(c) Ensure maximum opportunity for all Bahamians to participate in the economic and social development of The Bahamas
(d) To serve all Bahamians and not just the privileged few
(e) Create sustainable development in Family Islands
(f) Protect fundamental rights of workers to collective bargaining and the right of employers to a good day's work
(g) Provide quality education equally to males and females to facilitate social and economic productivity and produce better citizens
(h) Ensure equality between men and women
(i) Promote and protect the fundamental rights of all Bahamians to life, work, vote, worship as he/she sees fit, participate in the administration of government, peaceful assembly, freedom of speech, of religion, of the press and the equal protection of the law.
These core values can be reduced to four basic concepts: honesty (integrity and trustworthiness) and democratic governance; sustainable economic development strategy and promotion of Bahamian entrepreneurship; equal opportunity for all Bahamian citizens to the public goods/resources of the Bahamas; and protection of the fundamental rights of citizens and freedom of the press in the Bahamas. These core values constitute, I believe, a social contract formed 64 years ago between the Progressive Liberal Party and the Bahamian people to build and advance our democracy. These core values were framed by founders of the PLP, namely Henry M Taylor, Cyril St John Stevenson and William W Cartwright and its first officers John S Carey, Felix Russell, Urban H Knowles, Holly Brown, Paul Farrington and Clement Pinder. Since 1953 these core values emboldened thousands of Bahamians to risk life, limb and the immediate welfare of their families in the political and civil rights struggle for Bahamian workers, universal suffrage, economic enfranchisement, racial equality, Majority Rule and independence.
The Bahamian human rights struggle during the 20th Century was, for the most part, led by the PLP and the labour movement under Sir Randol Fawkes espousing these core values. The leadership in this human rights struggle, resulting in Majority Rule, independence and establishment of the national institutions of state, came under the early governance of the PLP. Iconic personalities in this national struggle, based on these values, included Sir Henry Taylor, Sir Lynden Pindling, Arthur Hanna, Sir Milo Butler, Clarence Bain, Georgina Symonette, Mabel Walker, Dame Doris Johnson, Effie Walkes, Eugenia Lockhart, Sir Randol Fawkes, Alvin Braynen, Sir Cecil Wallace Whitfield, Warren Levarity, Sir Arthur Foulkes, Rev Dr H W Brown, Canon William Thompson. The PLP therefore has valid claim in the national narrative as the progressive and liberal vanguard of social reform and transformation within the Bahamas.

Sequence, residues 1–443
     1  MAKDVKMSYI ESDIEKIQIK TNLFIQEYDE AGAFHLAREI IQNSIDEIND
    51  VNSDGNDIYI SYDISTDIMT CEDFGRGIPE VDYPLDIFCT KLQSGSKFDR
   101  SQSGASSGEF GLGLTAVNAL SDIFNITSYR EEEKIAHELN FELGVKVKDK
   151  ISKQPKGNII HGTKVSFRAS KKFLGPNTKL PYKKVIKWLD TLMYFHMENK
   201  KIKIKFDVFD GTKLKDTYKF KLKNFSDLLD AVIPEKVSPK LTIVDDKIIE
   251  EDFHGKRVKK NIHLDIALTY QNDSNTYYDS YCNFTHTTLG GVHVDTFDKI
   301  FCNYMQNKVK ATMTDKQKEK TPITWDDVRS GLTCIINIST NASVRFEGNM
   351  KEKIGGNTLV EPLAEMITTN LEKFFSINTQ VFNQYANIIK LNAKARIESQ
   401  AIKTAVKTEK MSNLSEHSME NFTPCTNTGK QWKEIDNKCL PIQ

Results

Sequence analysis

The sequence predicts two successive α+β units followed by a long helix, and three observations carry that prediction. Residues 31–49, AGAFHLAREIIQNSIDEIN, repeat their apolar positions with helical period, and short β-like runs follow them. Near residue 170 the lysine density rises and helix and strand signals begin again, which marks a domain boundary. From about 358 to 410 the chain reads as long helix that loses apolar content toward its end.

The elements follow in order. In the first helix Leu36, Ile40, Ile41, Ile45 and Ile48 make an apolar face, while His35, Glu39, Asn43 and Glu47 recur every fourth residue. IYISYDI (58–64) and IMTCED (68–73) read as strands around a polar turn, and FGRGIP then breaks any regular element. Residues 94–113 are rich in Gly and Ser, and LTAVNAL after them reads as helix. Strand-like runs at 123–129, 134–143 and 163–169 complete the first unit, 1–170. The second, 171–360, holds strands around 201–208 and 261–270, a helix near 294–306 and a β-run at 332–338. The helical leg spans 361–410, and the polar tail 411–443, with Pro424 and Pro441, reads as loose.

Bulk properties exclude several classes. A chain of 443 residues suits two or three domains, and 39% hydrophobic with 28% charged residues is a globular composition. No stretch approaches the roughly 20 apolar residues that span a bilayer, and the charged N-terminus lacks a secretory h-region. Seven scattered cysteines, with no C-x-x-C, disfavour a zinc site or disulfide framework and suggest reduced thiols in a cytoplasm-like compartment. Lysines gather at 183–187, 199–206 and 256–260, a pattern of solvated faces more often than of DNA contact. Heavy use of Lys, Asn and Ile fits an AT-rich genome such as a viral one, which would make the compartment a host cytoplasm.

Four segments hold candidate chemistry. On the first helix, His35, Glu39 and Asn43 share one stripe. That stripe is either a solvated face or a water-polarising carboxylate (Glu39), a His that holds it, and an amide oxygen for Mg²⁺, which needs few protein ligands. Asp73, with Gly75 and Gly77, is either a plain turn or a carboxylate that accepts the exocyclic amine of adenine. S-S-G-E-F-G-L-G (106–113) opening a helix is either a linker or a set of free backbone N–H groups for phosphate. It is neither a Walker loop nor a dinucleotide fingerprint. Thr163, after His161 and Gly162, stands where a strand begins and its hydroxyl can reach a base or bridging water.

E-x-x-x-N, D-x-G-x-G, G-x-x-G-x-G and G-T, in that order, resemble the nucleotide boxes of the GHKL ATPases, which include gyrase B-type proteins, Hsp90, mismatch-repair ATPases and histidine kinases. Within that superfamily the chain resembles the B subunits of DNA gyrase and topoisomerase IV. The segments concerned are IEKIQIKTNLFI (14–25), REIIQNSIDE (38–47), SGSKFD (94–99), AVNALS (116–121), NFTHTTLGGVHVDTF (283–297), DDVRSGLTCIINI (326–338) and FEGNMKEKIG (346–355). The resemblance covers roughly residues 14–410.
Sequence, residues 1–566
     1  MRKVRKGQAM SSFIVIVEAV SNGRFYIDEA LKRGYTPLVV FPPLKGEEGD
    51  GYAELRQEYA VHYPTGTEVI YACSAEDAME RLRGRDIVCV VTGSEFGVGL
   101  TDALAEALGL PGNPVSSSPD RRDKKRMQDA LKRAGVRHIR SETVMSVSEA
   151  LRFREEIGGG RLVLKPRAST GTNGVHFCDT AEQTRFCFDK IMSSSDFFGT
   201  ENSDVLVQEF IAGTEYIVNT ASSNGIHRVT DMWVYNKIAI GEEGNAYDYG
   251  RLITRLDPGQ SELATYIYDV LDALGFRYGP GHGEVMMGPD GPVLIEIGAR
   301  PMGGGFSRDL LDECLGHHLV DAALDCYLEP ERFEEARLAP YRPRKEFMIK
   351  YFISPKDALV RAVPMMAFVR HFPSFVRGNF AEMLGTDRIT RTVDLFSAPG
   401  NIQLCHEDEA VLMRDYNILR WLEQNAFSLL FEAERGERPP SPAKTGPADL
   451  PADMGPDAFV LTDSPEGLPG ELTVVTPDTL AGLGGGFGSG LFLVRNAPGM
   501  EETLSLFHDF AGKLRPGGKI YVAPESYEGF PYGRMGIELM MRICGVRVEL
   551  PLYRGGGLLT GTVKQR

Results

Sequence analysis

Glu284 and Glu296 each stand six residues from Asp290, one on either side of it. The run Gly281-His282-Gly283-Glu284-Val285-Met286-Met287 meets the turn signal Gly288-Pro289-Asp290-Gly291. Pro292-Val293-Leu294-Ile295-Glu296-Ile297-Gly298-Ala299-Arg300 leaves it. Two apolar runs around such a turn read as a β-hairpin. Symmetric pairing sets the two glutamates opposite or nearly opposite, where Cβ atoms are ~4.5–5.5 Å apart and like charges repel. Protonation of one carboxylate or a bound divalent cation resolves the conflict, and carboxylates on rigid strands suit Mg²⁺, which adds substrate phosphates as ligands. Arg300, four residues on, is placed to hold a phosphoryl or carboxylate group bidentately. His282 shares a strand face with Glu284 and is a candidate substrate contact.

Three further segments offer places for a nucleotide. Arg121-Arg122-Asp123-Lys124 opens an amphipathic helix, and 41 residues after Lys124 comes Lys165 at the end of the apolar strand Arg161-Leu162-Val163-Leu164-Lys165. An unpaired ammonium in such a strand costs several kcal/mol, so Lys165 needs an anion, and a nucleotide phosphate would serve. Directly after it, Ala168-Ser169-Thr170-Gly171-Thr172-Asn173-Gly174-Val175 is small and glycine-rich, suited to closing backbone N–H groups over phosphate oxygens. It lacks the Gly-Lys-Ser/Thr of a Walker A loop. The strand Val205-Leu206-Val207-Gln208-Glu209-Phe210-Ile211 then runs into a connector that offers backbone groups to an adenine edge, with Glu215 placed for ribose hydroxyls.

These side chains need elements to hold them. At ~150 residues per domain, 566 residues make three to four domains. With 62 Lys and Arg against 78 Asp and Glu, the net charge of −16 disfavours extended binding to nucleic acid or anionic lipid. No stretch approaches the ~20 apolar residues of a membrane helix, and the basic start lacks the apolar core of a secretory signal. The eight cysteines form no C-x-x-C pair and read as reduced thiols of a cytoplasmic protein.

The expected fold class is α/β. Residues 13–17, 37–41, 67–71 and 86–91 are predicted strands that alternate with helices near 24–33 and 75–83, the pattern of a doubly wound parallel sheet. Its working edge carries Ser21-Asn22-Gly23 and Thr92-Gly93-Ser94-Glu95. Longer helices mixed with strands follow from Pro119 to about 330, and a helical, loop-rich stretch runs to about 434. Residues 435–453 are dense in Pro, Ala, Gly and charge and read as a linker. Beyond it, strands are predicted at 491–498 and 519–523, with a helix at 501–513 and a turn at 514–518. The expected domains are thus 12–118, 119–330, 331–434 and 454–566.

However, over the 44 years of political independence, the public perception of the PLP has shifted from being the progressive and liberal vanguard of the independence process to a party more aligned with foreign interests over Bahamians, a lack of national vision, weak leadership, corruption and scandals.
In the meantime, the social conditions for many of our citizens, especially in the inner city communities in New Providence and in many of the Family islands, remain desperate. After the Burma Road Riots of June 1942, Dr Claudius Walker, representing the workers, summarised the condition of Bahamians to the Duke of Windsor, as governor, and his advisors in the following terms: "The underlying causes for this social unrest are manifold. We are in the majority but we have minority problems. We are poorly housed, poorly fed and poorly educated. Truth to tell, we are the wretched of the earth."
Ironically, from my Leadership Listening Tour (2016/2017) of many of our Family Island communities and from my canvassing of constituents in Fort Charlotte over the past two years, I confirm that far too many citizens in our archipelago remain "poorly housed, poorly fed and poorly educated."
However, I believe that the Progressive Liberal Party, based on its core values, can reclaim its role as the progressive and liberal alternative for the full realization of the sovereign potential of the Bahamian people. This reclamation can only happen if the party acknowledges its problems, recommits to its core values, refreshes itself and offers a meaningful and dynamic political and social agenda for transformation and success.
In Part II, I will share my observations about the party's governance process in relation to its core values. Further, I will propose how the PLP can reconnect with those core values and the independence mission that inspired three generations of Bahamians into public service to advance the Bahamian national project.
• Alfred Sears is an attorney and a former Attorney General and Minister of Education. He is the Progressive Liberal Party's former representative for the Fort Charlotte constituency.